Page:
3. The judge was not required to strike out the answer given by Joran that "it was a proper thing, supposed to be the thing for him [the plaintiff] to take hold of the grap." This was not strictly responsive to the question ; but it was given upon cross-examination ; it was germane to the subject then being inquired about ; it was itself competent. It went to show the plaintiff's duties and the scope of the plaintiff's employment, and confirmed

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the evidence of the witness's approval of the plaintiff's conduct. In view of the testimony which the defendant had given as to this witness's authority and power of control, this was material evidence, and the judge was not bound to strike it out.

4. It has not been contended that there was not sufficient evidence to warrant findings that the plaintiff, though in the general employment of the elder Knight, was at the time of the accident in the service of the defendant, if the defendant was running the ice business ; that the injury was due to negligence of the defendant in furnishing an unsafe chain ; and that the plaintiff was himself in the exercise of due care, and had not assumed the risk of the accident by which he was injured. The exception to the refusal of the judge to strike out the plaintiff's evidence as to what the younger Knight told him about the defendant's direction to change work has not been argued, and we treat it as waived.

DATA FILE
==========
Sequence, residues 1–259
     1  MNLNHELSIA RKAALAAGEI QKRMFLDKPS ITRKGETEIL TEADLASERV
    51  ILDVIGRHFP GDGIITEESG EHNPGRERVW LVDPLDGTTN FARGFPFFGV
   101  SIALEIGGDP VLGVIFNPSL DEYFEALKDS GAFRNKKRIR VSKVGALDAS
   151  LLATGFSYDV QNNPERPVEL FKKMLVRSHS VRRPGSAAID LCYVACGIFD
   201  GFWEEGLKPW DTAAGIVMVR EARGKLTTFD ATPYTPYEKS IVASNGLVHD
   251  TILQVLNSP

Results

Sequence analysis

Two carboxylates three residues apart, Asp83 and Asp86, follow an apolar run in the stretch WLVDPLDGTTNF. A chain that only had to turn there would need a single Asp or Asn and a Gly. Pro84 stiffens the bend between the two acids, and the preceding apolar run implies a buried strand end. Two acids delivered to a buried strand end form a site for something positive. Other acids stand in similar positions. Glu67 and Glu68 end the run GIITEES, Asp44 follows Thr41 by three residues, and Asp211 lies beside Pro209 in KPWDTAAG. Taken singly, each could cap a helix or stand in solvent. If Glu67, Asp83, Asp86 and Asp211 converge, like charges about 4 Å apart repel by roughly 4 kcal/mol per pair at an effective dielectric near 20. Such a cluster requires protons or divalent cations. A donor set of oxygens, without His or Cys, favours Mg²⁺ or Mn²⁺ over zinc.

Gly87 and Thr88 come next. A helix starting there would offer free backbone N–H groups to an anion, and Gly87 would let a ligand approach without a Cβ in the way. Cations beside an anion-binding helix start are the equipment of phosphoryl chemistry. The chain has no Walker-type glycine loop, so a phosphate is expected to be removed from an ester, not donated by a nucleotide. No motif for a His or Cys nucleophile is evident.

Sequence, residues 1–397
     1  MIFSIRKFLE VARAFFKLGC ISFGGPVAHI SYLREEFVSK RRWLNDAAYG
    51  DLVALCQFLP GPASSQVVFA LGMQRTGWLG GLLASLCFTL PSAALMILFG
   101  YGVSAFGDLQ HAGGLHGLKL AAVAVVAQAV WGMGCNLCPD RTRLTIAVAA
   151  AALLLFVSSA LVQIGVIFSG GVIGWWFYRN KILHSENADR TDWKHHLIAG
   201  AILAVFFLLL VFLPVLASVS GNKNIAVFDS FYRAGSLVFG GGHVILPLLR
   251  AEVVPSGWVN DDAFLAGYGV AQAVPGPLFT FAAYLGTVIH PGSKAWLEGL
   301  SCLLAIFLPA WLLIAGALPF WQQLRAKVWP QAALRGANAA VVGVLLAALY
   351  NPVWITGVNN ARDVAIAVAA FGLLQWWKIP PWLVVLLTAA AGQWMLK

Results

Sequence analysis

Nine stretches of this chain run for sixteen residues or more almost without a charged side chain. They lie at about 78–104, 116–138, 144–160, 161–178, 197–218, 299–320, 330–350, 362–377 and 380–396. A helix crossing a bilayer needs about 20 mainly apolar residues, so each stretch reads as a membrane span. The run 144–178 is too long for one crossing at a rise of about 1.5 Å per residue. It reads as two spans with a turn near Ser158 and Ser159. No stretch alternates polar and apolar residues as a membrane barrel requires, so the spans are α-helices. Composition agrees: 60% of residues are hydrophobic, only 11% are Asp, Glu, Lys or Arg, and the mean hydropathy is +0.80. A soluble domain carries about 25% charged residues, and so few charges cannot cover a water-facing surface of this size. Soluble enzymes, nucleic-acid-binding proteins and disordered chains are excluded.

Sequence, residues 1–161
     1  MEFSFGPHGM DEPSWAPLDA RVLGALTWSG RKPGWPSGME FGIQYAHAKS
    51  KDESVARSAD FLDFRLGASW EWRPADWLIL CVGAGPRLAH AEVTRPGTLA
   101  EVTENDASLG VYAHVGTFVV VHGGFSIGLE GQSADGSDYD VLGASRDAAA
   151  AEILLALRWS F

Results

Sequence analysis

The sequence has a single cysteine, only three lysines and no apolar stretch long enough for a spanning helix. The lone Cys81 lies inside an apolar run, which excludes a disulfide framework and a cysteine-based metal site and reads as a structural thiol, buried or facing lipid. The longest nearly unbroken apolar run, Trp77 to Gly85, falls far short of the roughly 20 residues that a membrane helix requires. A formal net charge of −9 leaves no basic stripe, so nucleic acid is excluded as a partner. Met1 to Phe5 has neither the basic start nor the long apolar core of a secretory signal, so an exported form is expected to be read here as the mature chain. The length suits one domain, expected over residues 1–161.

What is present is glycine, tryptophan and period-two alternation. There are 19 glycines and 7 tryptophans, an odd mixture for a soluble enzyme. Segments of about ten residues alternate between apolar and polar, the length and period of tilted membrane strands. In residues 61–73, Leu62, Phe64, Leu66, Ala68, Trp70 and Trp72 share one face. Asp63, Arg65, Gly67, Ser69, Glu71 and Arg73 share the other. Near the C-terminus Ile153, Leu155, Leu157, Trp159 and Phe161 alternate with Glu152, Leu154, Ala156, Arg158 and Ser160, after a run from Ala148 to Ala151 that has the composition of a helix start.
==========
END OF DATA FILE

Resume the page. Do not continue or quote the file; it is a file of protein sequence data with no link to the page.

Exceptions overruled.